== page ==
Tibetans as an Indigenous People

While the United Nations Declaration on the Rights of Indigenous Peoples does not explicitly define what is meant by indigenous peoples, it does specify that such indigenous communities exist throughout the world and are not confined to former victims of European colonization. A 1983 United Nations study of the problem of discrimination against indigenous populations defined indigenous peoples as follows:

  1. "Indigenous communities, peoples and nations are those which, having a historical continuity with pre-invasion and pre-colonial societies that developed on their territories, consider themselves distinct from other sectors of the societies now prevailing in those territories or parts of them. They form at present non-dominant sectors of society and are determined to preserve, further develop and transmit to future generations their ancestral territories, and their ethnic identity,as the basis of their continued existence as peoples, in accordance with their own cultural patterns, social institutions and legal systems." UNESCO, Committee on Human Rights, 1983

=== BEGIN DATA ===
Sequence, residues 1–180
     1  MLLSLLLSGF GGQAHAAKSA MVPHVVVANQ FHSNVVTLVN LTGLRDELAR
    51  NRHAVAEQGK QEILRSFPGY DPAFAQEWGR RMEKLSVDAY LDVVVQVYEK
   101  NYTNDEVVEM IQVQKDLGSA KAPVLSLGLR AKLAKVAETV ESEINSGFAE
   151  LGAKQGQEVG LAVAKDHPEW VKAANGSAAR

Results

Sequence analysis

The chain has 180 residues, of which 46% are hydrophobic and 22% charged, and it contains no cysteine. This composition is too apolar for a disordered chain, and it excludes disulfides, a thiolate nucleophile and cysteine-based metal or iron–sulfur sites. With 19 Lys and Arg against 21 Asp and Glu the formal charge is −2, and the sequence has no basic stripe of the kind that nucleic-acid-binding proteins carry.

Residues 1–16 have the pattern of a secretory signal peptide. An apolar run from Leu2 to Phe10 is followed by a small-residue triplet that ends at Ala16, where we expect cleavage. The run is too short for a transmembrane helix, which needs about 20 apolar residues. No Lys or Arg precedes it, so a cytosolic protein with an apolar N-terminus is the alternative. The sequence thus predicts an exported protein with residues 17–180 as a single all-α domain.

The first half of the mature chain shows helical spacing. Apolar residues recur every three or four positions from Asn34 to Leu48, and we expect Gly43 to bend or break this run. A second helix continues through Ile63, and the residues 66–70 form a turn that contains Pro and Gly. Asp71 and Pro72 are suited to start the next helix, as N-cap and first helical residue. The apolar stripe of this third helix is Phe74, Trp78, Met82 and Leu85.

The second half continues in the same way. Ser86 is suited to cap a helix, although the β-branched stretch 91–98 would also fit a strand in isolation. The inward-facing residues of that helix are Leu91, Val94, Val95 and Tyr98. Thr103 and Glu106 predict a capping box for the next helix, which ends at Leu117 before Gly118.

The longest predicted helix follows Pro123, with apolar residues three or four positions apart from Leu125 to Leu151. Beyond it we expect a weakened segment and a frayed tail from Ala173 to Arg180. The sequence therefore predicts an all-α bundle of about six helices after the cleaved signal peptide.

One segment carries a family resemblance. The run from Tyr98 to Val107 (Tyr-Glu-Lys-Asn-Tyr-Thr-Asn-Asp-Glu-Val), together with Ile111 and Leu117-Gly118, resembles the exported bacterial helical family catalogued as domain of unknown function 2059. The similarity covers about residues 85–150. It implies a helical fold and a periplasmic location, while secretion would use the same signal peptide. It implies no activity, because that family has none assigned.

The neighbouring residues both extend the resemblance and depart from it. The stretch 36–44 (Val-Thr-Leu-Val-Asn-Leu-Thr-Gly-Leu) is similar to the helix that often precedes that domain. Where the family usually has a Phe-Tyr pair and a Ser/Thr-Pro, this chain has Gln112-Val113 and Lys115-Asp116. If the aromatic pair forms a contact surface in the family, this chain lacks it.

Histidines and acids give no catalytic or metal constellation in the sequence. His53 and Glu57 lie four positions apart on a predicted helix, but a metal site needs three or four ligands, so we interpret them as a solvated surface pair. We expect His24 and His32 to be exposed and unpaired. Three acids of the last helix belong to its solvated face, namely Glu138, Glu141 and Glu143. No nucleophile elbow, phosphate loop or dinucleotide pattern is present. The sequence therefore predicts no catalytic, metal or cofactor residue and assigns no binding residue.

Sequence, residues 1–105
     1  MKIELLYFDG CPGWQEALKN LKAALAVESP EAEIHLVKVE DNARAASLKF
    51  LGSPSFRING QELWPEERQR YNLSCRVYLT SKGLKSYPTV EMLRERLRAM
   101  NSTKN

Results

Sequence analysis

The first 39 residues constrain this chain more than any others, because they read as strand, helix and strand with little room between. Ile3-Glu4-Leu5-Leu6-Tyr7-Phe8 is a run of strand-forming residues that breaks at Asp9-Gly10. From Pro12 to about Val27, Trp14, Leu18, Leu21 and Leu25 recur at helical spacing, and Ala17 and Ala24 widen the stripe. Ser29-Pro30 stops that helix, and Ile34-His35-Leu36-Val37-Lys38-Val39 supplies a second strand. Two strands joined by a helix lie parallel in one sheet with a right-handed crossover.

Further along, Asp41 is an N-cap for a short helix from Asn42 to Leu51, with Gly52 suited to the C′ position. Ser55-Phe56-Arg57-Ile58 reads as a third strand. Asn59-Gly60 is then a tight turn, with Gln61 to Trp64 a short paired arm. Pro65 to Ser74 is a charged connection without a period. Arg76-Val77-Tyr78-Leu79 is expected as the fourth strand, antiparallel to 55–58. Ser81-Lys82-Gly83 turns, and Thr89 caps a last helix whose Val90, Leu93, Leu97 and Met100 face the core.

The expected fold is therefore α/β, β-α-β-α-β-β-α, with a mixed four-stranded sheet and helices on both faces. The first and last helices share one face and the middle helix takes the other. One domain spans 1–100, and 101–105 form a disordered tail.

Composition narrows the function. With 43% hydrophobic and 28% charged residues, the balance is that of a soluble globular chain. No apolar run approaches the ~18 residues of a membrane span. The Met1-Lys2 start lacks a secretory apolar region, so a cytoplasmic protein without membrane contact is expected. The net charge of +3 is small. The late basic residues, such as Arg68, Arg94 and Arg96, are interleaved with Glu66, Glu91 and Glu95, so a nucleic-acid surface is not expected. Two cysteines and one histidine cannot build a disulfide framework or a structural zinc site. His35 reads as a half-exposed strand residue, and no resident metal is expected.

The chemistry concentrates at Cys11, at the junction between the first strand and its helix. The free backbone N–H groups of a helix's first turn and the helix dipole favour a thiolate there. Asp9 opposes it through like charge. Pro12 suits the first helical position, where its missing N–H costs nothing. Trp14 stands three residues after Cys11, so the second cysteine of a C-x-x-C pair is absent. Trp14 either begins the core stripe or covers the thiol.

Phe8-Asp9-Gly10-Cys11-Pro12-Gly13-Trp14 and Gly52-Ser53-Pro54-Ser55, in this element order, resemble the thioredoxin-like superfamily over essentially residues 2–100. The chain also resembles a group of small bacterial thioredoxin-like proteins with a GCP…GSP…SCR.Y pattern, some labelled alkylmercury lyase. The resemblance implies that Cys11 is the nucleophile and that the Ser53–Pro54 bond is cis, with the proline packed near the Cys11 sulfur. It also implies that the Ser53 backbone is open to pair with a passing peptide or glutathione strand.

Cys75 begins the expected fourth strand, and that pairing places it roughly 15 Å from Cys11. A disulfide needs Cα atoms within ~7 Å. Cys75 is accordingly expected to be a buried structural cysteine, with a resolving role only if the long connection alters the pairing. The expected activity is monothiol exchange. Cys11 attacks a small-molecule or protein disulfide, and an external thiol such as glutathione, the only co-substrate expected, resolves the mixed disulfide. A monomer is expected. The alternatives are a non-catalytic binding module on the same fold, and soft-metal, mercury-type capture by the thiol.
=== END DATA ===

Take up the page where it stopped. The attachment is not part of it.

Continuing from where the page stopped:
The Declaration on the Rights of Indigenous Peoples offers a clear guide for the treatment of indigenous peoples with respect to internal self-determination including the demilitarization of indigenous lands and the right of indigenous peoples:

  1. to autonomy or self-government in matters relating to their internal and local affairs,

  2. to manifest, practice, develop and teach their spiritual and religious traditions, customs and ceremonies,

  3. to participate in decision-making in matters which would affect their rights, through representatives chosen by themselves in accordance with their own procedures,

  4. to be consulted and prior consent through their own representative institutions before implementing state legislative and administrative measures.

While China claims there are no indigenous peoples in China, there can be little doubt that the Tibetan people do satisfy the criteria for being an indigenous people of territory claimed as China by the People’s Republic of China (PRC). In addition to the Tibetans fulfilling generally accepted definitions of a "people", China’s own Sino-Tibetan Agreement of 1951 (the so called Seventeen Point Agreement for the Peaceful Liberation of Tibet) documents Tibet’s unique status.

What the world is saying

Other Considerations